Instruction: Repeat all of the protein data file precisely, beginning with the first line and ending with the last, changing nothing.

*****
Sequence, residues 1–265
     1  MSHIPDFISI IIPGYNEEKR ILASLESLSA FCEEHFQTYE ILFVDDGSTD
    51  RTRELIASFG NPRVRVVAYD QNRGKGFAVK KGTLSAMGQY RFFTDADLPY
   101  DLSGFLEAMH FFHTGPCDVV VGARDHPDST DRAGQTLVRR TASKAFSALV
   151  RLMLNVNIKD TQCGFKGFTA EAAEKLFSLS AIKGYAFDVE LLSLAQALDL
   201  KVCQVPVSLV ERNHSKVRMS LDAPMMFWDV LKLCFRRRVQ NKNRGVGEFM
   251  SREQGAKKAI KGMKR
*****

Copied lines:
Sequence, residues 1–265
     1  MSHIPDFISI IIPGYNEEKR ILASLESLSA FCEEHFQTYE ILFVDDGSTD
    51  RTRELIASFG NPRVRVVAYD QNRGKGFAVK KGTLSAMGQY RFFTDADLPY
   101  DLSGFLEAMH FFHTGPCDVV VGARDHPDST DRAGQTLVRR TASKAFSALV
   151  RLMLNVNIKD TQCGFKGFTA EAAEKLFSLS AIKGYAFDVE LLSLAQALDL
   201  KVCQVPVSLV ERNHSKVRMS LDAPMMFWDV LKLCFRRRVQ NKNRGVGEFM
   251  SREQGAKKAI KGMKR